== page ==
A novel test for autism has got the science community talking. The test reportedly can diagnose autism in children using just a single strand of hair.

The innovative test is the product of a startup called LinusBio, and might soon help in identifying autism spectrum disorder in young children before they start showing symptoms. The results of the study on the diagnostic test have been published in the journal Clinical Medicine.

“No clinician should make a decision on if a child has autism solely based on this,” Manish Arora, LinusBio co-founder and CEO said. “This provides a crucial piece of information, but not the only piece of information.”

In other words, the test is a diagnostic aid, meaning it is meant to assist clinicians in identifying autism, but should not be relied on alone.

“The technology is incredibly novel. The use of hair and the type of measurements they’re doing with hair is innovative,” Dr. Andrea Baccarelli, a professor of environmental health sciences at Columbia University, who was not involved in the company’s research, said, reported NBC News. “It’s groundbreaking.”

Human hair consists of a history of exposure to metals and other substances. This data is analyzed using an algorithm to look for patterns of particular metals that are associated with autism.

The test is the first to analyze this type of exposure history over time, and could predict autism accurately about 81% of the time.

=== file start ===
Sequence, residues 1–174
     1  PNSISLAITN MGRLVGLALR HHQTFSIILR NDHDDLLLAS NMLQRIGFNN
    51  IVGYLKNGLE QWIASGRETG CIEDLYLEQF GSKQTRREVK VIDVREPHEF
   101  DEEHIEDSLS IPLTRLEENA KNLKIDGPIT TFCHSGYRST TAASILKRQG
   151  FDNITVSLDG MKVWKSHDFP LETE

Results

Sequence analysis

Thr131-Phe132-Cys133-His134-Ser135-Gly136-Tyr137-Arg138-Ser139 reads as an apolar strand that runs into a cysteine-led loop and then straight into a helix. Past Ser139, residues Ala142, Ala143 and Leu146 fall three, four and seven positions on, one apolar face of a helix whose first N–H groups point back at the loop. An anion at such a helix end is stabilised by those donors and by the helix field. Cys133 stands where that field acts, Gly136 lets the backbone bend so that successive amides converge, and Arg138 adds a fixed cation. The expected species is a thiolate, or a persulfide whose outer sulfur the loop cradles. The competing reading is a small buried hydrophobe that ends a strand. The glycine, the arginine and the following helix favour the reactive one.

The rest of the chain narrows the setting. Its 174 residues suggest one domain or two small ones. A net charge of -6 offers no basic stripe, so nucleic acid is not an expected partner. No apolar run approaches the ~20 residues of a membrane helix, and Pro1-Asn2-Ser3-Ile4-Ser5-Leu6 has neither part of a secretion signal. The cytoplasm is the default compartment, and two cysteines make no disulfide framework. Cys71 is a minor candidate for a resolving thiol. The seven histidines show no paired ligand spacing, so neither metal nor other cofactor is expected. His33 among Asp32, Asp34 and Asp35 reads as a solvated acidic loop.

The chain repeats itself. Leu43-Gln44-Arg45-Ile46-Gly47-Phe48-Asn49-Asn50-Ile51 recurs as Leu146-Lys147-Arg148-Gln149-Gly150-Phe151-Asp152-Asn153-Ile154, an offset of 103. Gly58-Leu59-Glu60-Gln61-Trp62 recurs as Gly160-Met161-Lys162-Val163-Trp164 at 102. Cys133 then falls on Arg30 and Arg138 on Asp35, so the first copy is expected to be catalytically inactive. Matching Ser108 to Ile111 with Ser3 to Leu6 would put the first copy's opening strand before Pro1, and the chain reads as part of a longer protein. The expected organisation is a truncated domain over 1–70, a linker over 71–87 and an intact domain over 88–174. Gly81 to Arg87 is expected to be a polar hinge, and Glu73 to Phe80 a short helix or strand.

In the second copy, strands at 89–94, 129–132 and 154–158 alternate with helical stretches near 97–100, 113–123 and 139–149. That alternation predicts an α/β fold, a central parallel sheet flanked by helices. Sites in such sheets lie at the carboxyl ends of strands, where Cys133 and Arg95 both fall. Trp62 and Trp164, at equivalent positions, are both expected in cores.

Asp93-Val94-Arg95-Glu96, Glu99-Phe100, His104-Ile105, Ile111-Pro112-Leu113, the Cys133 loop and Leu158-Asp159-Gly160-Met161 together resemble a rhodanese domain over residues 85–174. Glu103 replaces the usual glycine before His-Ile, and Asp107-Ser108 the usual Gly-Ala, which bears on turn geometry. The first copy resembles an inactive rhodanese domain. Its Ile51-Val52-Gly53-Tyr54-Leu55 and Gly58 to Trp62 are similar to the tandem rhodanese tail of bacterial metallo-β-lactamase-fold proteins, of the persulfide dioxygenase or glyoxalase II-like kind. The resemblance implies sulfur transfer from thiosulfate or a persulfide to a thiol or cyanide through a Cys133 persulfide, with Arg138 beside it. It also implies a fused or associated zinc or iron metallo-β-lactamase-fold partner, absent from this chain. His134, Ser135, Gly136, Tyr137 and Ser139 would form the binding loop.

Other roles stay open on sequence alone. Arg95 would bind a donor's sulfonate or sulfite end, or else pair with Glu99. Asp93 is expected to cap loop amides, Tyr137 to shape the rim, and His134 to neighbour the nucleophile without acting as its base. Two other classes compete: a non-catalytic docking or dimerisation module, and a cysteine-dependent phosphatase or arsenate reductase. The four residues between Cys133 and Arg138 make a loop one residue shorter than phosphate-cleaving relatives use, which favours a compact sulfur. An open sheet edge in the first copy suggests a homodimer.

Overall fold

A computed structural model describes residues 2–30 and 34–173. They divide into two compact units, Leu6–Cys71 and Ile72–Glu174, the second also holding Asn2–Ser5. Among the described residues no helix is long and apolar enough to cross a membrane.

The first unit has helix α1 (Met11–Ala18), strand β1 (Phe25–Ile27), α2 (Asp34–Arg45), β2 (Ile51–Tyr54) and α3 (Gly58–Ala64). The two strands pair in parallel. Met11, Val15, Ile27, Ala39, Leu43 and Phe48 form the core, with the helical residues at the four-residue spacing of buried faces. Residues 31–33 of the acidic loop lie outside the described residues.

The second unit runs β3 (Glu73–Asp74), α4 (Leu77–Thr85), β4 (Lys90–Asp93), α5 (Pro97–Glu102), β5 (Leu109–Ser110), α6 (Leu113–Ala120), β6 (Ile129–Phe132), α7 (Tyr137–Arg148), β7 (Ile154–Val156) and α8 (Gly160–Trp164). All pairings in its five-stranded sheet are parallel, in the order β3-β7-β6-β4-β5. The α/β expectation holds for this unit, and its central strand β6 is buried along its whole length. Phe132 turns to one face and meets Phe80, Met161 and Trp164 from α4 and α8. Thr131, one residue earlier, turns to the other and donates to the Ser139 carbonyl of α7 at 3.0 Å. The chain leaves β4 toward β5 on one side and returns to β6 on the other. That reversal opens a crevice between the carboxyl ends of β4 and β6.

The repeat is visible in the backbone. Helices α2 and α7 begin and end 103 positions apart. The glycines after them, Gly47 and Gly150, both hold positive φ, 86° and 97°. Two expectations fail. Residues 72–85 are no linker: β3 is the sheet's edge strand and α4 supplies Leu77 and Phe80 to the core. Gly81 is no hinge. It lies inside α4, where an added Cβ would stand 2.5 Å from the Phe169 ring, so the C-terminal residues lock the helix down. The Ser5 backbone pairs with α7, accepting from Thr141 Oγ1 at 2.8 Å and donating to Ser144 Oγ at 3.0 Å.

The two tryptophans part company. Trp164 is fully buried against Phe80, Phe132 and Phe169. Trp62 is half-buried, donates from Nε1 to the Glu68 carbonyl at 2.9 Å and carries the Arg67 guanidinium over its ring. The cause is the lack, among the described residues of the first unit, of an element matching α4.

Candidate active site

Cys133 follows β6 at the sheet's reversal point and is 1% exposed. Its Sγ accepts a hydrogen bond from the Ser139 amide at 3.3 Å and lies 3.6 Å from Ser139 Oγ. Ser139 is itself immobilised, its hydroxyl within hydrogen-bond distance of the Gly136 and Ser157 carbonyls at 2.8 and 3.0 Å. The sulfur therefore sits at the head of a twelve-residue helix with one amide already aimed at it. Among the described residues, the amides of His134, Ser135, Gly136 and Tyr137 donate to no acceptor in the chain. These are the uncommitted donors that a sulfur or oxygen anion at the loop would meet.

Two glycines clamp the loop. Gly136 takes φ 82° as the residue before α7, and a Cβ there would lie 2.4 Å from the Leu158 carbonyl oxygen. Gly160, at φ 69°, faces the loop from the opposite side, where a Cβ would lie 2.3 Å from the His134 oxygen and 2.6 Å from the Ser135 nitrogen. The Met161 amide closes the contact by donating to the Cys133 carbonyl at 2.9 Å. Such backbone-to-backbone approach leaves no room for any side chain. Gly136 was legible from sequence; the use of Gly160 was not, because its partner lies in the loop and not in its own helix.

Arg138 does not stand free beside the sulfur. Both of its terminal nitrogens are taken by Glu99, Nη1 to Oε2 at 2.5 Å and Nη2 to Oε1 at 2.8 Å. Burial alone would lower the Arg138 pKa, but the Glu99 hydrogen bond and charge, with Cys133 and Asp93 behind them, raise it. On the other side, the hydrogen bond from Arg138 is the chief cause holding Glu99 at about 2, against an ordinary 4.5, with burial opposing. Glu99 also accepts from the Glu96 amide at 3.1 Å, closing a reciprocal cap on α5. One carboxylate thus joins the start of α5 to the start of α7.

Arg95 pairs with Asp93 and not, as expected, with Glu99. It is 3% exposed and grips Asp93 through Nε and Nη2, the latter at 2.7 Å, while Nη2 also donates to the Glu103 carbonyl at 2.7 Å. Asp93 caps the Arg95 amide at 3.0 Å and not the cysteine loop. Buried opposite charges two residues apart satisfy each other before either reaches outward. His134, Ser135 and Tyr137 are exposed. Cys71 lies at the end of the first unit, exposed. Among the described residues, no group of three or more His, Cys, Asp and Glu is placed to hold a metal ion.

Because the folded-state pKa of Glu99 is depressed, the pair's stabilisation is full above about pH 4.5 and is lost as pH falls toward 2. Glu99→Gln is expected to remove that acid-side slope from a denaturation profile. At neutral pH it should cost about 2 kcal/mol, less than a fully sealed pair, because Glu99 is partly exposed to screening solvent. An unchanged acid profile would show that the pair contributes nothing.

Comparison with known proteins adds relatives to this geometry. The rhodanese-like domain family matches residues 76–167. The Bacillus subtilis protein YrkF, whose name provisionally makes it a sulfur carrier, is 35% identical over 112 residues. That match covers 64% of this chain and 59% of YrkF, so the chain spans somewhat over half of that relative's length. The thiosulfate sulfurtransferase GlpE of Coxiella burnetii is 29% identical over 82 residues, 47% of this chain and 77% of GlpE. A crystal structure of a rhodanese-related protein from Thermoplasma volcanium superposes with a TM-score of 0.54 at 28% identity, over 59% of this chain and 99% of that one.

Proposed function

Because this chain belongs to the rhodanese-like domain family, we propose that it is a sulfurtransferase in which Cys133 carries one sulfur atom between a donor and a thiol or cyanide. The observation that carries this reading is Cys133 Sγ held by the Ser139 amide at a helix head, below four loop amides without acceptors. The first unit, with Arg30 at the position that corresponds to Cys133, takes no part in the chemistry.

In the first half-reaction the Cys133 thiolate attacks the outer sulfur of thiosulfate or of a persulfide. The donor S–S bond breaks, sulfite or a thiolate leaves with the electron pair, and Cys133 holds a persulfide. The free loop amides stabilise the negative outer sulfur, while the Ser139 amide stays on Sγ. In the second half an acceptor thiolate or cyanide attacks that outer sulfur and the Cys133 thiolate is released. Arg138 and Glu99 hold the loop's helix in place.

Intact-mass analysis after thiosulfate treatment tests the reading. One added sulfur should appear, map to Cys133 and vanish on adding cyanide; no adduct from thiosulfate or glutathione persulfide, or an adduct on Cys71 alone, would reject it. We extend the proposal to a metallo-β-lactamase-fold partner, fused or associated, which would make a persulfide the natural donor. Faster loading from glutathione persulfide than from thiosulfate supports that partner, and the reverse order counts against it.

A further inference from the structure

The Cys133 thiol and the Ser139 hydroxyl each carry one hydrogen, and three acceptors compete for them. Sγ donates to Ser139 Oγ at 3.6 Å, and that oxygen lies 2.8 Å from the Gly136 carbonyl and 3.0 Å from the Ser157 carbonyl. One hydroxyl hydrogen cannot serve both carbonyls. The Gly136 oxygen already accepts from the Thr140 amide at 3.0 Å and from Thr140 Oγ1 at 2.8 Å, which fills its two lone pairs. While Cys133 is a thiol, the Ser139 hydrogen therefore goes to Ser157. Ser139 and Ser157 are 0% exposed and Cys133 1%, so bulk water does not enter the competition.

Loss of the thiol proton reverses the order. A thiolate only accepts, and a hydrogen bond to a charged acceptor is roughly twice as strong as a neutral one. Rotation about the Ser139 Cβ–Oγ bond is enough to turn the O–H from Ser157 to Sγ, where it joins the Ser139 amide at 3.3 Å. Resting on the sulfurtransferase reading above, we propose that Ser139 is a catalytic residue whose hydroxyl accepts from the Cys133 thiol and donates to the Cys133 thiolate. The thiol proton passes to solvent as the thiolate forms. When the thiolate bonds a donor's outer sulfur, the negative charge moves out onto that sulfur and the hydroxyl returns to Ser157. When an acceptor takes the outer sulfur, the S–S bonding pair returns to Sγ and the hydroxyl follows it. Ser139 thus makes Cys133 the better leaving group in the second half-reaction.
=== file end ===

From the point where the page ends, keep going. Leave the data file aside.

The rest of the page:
The test involves running a laser on a hair, which turns it into a plasma for analysis. According to the CEO, less than half an inch of hair captures a month’s worth of data.

LinusBio said its test can find metal metabolism in 4-6 hour installments.

“It’s almost like having a security camera where you can go back and get a look at four pictures a day,” Baccarelli said.

In the study, the researchers honed their technology by using hair samples from 486 children from three countries: Japan, Sweden, and the United States.

Next, they analyzed 97 hair samples, in which the algorithm correctly identified cases of autism spectrum disorder more than 96% of the time. Moreover, the test identified negative cases accurately about 75% of the time.

“The problem with autism is it’s diagnosed at the age of 4 on average. By that time, so much brain development has already happened,” Arora said. “We want to enable early intervention.”

Currently, no biological test exists for autism spectrum disorder. Instead, children are often diagnosed after parents spot unusual behavior such as avoiding eye contact, delays in language or not pointing. However, these behaviors vary widely.

Giving a boost to the product’s prospects, The Food and Drug Administration gave LinusBio’s test a “breakthrough” designation, as per the outlet. The label is meant to expedite regulatory approval for new technology if there are no alternatives available in the market. However, it does not change approval standards, and the company needs to clear regulatory obstacles before its device could become widespread in the U.S.